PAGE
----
The Quantity Surveying section is responsible for:
- Strategic construction consultancy
- Construction management, economics, planning, contracts and materials procurement, management, and health and safety relating to all forms of construction.
Surveying profession services in civil, heavy, mechanical, electrical, petrochemical and instrumentation engineering.
The Quantity Surveyor is a building economist, sometimes known as a Construction Cost Consultant. They advise building owners and architects on probable costs of construction schemes and on cost of alternative designs.
They prepare cost plans for projects which enable the design team to arrive jointly at practical designs for projects and stay within the budget. Their advice enables design and construction at all stages to be controlled within predetermined expenditure.
They prepare bills of quantities and other tender documentation and where appropriate, negotiates with the main contractors.
They also prepare valuations for payments to the contractor as work proceeds and cost reports providing forecasts of final costs. They are responsible for the measurement and valuation of variations in the work during the contract and for the preparation and agreement of the final account.
Generally, Quantity Surveyors are engaged in private practice either as a partner or employee in a professional firm. However, there are also Quantity Surveyors employed in Government Departments, Semi-State Bodies, and Public Authorities. Chartered Quantity Surveyors also work in building contracting firms.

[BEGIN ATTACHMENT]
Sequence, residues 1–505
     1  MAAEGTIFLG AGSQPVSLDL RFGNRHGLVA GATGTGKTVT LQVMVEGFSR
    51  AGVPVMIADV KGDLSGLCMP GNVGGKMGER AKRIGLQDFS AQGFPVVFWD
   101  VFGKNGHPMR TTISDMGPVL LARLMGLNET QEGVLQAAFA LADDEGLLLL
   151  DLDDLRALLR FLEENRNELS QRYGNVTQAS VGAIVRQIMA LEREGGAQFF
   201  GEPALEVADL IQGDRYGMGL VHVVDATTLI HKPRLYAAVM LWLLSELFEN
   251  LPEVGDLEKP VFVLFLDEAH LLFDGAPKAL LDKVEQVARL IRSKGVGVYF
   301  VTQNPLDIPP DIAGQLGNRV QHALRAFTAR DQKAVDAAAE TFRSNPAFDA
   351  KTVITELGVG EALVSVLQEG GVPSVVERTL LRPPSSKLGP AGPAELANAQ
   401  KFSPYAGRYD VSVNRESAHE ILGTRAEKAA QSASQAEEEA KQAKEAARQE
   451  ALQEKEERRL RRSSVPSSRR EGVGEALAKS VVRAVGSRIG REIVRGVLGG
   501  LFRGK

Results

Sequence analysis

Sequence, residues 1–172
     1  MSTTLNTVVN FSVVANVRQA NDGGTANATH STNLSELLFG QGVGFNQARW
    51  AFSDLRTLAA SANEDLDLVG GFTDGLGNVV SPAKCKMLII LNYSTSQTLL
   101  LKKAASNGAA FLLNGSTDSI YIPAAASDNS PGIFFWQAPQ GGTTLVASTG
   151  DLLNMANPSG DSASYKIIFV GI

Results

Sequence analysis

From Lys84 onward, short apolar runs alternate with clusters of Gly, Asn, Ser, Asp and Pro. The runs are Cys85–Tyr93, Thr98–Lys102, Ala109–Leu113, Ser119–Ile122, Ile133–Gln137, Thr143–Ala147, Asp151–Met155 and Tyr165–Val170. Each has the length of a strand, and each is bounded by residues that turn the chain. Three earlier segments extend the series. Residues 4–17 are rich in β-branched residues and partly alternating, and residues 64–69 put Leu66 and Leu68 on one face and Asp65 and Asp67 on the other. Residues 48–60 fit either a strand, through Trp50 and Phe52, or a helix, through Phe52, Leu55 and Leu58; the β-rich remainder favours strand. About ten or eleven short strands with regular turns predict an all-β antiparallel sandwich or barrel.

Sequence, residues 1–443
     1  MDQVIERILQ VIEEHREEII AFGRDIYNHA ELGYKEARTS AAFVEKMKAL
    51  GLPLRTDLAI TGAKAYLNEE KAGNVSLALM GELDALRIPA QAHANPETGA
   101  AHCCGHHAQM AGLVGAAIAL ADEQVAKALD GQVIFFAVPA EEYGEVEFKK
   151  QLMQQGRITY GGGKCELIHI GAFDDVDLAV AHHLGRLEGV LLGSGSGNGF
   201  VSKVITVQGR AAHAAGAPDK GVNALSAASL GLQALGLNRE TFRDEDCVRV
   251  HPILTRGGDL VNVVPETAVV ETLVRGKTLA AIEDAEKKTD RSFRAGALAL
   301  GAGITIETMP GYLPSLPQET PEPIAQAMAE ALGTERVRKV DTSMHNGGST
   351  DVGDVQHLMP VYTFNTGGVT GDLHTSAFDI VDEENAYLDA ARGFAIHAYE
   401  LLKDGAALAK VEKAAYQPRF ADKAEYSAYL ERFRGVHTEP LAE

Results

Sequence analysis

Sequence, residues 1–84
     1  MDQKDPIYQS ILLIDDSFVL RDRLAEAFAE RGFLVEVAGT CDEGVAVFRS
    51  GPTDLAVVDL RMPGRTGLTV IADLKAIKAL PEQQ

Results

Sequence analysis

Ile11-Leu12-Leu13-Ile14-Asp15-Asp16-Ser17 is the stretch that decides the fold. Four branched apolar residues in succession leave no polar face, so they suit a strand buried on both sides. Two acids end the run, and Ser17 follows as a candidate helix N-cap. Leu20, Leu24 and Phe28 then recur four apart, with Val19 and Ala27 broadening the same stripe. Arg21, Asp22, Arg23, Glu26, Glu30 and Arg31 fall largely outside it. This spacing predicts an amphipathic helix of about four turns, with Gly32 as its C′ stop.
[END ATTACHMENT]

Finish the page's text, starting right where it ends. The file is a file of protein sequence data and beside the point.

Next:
- To provide independent, objective, accurate, and reliable capital and operating cost assessments usable for investment funding and project control.
- To analyze investment and development for the guidance of owners, financiers and contractors.
- estimates of capital or asset costs including development costs;
- estimates of operating and manufacturing costs through an asset's life cycle;
- risk assessment and analysis;
- trending of scope and cost changes;
- decision analysis;
- financial analysis (eg, net present value, rate of return, etc);
- project cost control;
- appraisals of existing assets;
- project analyses, databases, and benchmarking;
- planning and scheduling;
- siting studies, etc.;
- productive and investment needs assessment;
- facility management needs assessment;
- project feasibility and budget assessment;
- cost management;
- procurement management;
- contract administration;
- whole-life appraisals;
- quality audits;
- value management;
- dispute resolution.
These are typical functions of the QS but not all practitioners in the field perform all of these functions. Many specialize in a limited number of these functions.
The QS provides information by:
- estimating costs and analyzing risk,
- trending and controlling costs and assessing design, and
- documenting costs.
These are interdependent and feed back to each other. They include:
- analyzing cost,
- assessing design,
- assessing risks,
- trending costs,
- advising clients,
- managing cash flows,
- preparing feasibility analyses, and
- assessing life-cycle costs.